Other features of the present invention will be pointed out in the following description and claims, which disclose the principles of the invention and the best modes which are presently contemplated for carrying them out.
It has been found that when propylene glycol tertiary-butyl ether (PTB) and propylene glycol n-butyl ether (PNB) are used in the dry-cleaning of garments, both solvents possess all of the attributes associated with perchloroethylene and none of its drawbacks. Furthermore, both propylene glycol tertiary-butyl ether and propylene glycol n-butyl ether also have certain significant advantages not possessed by perchloroethylene. For instance, by using a mixture of either PTB or PNB and water, the water component is effectively tied-up, thus avoiding the tendency of woolen garments to shrink in water, while simultaneously preventing damage to acetates. Further, the water component lowers the solvent boiling points and raises the flashpoints.
It has also been determined that solutions of PTB or PNB and water are effective in the cleaning of scoured and milled raw wool, as well as in the scouring of the raw wool, which involves the pulling of oils and fatty acids, e.g., lanolin, from wool and in the milling of the yarns formed therefrom. Such scouring and milling operations are conducted in dry-cleaning machinery employing otherwise conventional scouring and milling techniques.
A particular advantage of other PTB-water and PNB-water mixtures of the present invention in dry-cleaning is that they do not behave like a typical mixture, but, rather, their behavior is the same as a single substance. This permits a better defined separation upon azeotropic distillation at a lower boiling point and also facilitates reclamation more effectively, at a level of 99 percent or greater, and also enhances purification using conventional distillation techniques.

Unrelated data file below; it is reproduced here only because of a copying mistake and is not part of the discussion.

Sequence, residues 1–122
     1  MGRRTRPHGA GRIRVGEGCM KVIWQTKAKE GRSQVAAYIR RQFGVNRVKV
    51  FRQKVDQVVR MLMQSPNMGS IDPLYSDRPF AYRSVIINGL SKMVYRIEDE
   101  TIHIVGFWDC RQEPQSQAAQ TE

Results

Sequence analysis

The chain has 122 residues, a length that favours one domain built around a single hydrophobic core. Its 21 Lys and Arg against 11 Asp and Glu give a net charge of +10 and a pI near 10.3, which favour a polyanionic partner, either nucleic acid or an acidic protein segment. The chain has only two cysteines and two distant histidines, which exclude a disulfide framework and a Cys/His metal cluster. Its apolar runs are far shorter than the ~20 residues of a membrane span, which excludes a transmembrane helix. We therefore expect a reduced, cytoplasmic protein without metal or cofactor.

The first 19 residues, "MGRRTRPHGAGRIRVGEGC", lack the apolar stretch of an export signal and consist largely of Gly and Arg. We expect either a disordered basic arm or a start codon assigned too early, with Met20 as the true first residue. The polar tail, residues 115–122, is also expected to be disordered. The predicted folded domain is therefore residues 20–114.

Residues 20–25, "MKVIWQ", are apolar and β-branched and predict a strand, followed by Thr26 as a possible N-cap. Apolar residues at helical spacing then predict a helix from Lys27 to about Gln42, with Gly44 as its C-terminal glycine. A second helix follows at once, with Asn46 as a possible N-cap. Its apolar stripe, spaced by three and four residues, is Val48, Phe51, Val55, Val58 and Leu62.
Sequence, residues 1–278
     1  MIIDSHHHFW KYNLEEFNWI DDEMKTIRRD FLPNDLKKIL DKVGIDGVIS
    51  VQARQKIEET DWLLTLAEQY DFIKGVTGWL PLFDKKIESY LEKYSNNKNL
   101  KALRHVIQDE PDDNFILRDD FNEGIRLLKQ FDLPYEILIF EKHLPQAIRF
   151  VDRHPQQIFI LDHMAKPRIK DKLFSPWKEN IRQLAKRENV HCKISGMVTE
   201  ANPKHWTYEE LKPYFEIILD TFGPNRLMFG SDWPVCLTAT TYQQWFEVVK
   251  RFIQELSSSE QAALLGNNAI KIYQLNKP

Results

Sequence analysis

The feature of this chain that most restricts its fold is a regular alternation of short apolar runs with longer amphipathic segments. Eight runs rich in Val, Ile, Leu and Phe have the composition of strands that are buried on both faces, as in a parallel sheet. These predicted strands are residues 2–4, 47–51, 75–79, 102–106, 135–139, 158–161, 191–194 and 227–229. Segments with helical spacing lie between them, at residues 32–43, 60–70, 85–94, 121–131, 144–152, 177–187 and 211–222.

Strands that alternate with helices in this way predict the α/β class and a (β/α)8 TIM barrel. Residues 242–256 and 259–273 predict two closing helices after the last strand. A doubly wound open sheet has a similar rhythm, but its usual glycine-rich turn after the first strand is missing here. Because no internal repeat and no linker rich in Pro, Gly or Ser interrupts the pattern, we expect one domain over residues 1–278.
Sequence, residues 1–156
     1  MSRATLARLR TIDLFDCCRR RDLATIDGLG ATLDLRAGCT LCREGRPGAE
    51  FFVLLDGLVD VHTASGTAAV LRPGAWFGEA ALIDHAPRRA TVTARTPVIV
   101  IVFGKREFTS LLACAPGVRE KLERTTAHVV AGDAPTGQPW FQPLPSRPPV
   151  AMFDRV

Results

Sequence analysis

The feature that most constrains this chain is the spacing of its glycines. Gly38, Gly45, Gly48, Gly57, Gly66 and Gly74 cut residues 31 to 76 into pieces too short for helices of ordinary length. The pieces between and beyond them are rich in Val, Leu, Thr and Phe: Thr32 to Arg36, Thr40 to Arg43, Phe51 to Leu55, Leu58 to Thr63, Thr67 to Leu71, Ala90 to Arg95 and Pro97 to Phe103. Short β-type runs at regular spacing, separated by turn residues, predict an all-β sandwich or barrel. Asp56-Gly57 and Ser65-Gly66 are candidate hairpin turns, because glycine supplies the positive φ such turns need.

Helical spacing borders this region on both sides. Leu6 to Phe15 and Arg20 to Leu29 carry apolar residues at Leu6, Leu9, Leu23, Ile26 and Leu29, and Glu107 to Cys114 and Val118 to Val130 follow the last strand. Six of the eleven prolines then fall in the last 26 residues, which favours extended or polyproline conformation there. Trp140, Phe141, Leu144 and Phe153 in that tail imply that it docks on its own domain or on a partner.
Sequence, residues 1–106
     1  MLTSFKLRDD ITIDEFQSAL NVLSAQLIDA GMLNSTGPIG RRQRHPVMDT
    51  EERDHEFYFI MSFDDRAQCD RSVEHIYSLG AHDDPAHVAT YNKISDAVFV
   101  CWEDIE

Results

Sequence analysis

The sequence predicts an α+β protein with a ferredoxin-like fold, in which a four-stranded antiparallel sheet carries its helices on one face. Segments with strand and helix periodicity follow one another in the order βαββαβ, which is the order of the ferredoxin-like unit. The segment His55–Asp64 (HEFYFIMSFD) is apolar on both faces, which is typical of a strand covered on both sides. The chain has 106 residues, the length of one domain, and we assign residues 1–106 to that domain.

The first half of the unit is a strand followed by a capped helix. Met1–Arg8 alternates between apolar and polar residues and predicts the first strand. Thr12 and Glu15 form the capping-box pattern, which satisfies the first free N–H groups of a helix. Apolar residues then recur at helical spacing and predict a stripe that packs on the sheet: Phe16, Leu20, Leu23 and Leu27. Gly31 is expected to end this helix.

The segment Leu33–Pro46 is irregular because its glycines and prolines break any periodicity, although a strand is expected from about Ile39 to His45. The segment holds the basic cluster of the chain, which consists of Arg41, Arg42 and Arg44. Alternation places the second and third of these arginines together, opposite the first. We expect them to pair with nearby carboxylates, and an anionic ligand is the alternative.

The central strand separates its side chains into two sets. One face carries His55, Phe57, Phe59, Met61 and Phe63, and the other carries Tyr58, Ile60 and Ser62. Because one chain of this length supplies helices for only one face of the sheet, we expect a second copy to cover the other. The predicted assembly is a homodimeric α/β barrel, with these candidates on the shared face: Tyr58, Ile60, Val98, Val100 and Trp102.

Of particular note, from an economic as well as an operational standpoint, is the ability of PTB and PNB to separate from water by azeotropic distillation. This is of particular significance in dry-cleaning since garments entering a dry-cleaning plant contain water in the form of moisture. If water were not separable from the PTB or PNB solvent, by azeotropic distillation, the solvent would be diluted with free water and, thus, the dry-cleaning process, and its efficiency, would be seriously compromised, as would the reclaimability of the PTB or PNB.
From the perspective of performance, the PTB and PNB will enhance the ability to dry and clean woolen and cotton garments since those types of garments will be subjected to little, if any, shrinkage due to the fact that PTB and PNB have a limited degree of miscibility with water. Additionally, this limited degree of miscibility avoids dilution of the solvent stock with its attendant problems, which are not inconsiderable when one considers the need to replenish the solvent.
PTB and PNB are very effective dry-cleaning solvents since their detergency action breaks down solvent-soluble stains, which account for 15 percent of all stains found in garments and which are caused by fatty acids. The detergency of the solvent occurs by lifting the soiled area from a surface and by displacing it with surface active materials that have a greater affinity for the surface than they do for the soiled area. It can also deal most effectively with water-soluble stains, which account for more than 80 percent of stains encountered in dry-cleaning, such as, for example, stains from fruit, blood, urine, sweat, etc. It has also been found to limit the bleeding of dyes and to avoid the shrinkage of man-made polymers, such as acetates.
From the standpoint of health and safety, which, as previously mentioned, are of significant importance in the present era, the compositions of the present invention containing PTB and PNB are non-flammable, non-combustible, non-carcinogenic, non-toxic and, of the utmost import, biodegradable. The compositions weigh less than water, i.e., the specific gravity is less than that of water.